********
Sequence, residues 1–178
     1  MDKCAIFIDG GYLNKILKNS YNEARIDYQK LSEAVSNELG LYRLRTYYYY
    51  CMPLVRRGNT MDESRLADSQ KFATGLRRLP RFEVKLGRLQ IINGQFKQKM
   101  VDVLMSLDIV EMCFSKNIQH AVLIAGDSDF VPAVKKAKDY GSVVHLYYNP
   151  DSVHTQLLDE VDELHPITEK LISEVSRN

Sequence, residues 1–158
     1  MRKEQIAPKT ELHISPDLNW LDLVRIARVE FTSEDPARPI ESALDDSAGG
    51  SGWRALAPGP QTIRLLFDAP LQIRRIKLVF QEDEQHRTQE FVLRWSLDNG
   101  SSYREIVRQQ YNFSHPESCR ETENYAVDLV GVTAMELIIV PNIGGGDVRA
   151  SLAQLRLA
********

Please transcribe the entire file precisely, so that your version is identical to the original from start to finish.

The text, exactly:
Sequence, residues 1–178
     1  MDKCAIFIDG GYLNKILKNS YNEARIDYQK LSEAVSNELG LYRLRTYYYY
    51  CMPLVRRGNT MDESRLADSQ KFATGLRRLP RFEVKLGRLQ IINGQFKQKM
   101  VDVLMSLDIV EMCFSKNIQH AVLIAGDSDF VPAVKKAKDY GSVVHLYYNP
   151  DSVHTQLLDE VDELHPITEK LISEVSRN

Sequence, residues 1–158
     1  MRKEQIAPKT ELHISPDLNW LDLVRIARVE FTSEDPARPI ESALDDSAGG
    51  SGWRALAPGP QTIRLLFDAP LQIRRIKLVF QEDEQHRTQE FVLRWSLDNG
   101  SSYREIVRQQ YNFSHPESCR ETENYAVDLV GVTAMELIIV PNIGGGDVRA
   151  SLAQLRLA